Die aetiologie, der bergriff und die prophylaxis des kindbettfiebers. Pest, Wien und Leipzig: C. A. Hartleben, 1861.
Ignaz Semmelweis, a Hungarian obstetrician working in Vienna in the mid-nineteenth century, made a crucial discovery about puerperal fever that helped usher in the use of antiseptics. In 1846, the Vienna General Hospital (Allgemeines Krankenhaus) had two obstetrics clinics, and Semmelweis was a surgeon, clinician, and instructor of medical students in the first clinic. The second clinic was only different in that it was used for the instruction of midwives instead of physicians. It was, therefore, baffling that the second had such a drastically smaller percentage of patient deaths by puerperal fever (childbed fever), an infection that occurs after childbirth or abortion. The first clinic had attained such a reputation for deaths by the fever that women cried and begged not to be taken into it (Garrison 435). Semmelweis, in an attempt to resolve this problem in his clinic, began studying autopsies of puerperal fever fatalities. When his friend and former instructor, Kolletschka, died of an infected wound accidentally inflicted during a postmortem dissection, Semmelweis was present during this autopsy also. Because of his careful observations of puerperal fever victims, he was able to recognize that these women had experienced the same pathological changes as Kolletschka did from his infected wound. He deduced that puerperal fever, like Kolletschka’s disease was transmitted through the blood, and that medical students were bringing it into the first clinic from the dissection table. Semmelweis noticed that the medical students in the first clinic, unlike the midwives in the second, were treating women directly after dissections and without washing their hands. Once he instated a policy requiring the students to wash their hands and scrub them in chlorine water before examining women, the clinic’s puerperal fever death rate drastically dropped (Clendening 603-604). When he extended the policy to cover all instruments used on laboring women, he practically eliminated the fever from his hospital (Dict. Sci. Bio., Vol. 11&12, p. 295).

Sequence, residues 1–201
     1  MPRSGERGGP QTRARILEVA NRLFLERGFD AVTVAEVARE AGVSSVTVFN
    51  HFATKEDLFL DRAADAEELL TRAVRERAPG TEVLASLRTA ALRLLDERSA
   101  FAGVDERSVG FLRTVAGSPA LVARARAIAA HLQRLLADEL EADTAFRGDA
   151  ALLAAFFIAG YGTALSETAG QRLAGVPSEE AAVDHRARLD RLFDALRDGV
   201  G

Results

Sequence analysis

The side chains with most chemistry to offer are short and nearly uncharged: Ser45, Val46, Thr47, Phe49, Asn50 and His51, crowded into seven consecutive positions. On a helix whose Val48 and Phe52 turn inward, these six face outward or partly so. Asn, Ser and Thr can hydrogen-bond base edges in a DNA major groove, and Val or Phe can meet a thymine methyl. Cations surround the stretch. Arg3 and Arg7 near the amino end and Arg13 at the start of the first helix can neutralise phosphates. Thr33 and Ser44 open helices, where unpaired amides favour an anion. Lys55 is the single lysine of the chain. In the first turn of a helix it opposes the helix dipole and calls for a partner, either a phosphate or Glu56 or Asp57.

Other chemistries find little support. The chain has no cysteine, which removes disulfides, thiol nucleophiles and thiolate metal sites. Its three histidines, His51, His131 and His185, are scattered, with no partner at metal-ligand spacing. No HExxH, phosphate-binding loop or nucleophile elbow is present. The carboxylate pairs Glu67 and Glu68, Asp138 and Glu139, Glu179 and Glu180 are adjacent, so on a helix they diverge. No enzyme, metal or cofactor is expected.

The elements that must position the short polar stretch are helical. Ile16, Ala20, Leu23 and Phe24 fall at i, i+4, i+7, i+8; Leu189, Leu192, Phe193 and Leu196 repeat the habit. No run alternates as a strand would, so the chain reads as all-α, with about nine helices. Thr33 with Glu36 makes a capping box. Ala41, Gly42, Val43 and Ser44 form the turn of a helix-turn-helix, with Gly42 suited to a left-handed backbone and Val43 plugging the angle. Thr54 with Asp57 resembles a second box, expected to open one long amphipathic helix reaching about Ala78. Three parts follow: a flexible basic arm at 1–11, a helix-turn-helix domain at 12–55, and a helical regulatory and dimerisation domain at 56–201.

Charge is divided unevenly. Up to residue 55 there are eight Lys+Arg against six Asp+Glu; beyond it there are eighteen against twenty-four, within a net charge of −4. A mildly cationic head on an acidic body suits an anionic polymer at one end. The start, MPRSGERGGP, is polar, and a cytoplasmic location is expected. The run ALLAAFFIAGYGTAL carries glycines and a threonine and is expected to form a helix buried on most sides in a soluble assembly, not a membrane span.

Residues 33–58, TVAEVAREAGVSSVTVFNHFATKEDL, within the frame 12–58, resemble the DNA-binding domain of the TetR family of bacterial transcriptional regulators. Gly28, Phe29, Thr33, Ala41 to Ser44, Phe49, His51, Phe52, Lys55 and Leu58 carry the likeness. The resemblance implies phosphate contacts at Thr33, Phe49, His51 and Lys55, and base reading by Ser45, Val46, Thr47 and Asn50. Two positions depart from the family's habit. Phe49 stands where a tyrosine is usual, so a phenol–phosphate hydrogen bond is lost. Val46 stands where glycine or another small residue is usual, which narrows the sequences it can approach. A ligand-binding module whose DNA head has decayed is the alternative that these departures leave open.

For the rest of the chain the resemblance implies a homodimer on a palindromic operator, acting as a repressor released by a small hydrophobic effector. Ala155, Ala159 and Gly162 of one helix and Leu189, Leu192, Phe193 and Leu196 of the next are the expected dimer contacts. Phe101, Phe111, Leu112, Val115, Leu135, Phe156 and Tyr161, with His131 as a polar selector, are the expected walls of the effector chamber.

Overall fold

Despite opposition from professional peers, Semmelweis stood by his findings and pioneered the use of antiseptics in obstetrics. By working hard to improve conditions for obstetrics wards in both Hungary and Vienna, he holds a place in the history and advancement of obstetrics as well as for discovering that puerperal fever is caused by microorganisms transmitted through the blood stream (Garrison & Morton 6277). The Reynolds-Finley Library has a first edition copy of his book, Die aetiologie, der bergriff und die prophylaxis des kindbettfiebers, or “The cause, concept and prevention of child-bed fever”, which was published in 1861. The work was not well received by the prominent physicians of the day, and it prompted conflicts which took their toll on Semmelweis. He was eventually committed to an insane asylum and died a few weeks later, ironically of an infection caused by a wound.
Clendening, Source Book of Med. Hist., pp. 603-604; Dict. Sci. Bio., Vol. 11&12, pp. 294-296; Garrison, Hist. of Med., 4th Edition, pp. 435; Garrison & Morton, Med. Bib., 5th Edition, 6277; Reynolds Historical Library, Rare books and coll…, 3748.
Image: Ignaz Semmelweis, Print Collection, Reynolds-Finley Historical Library.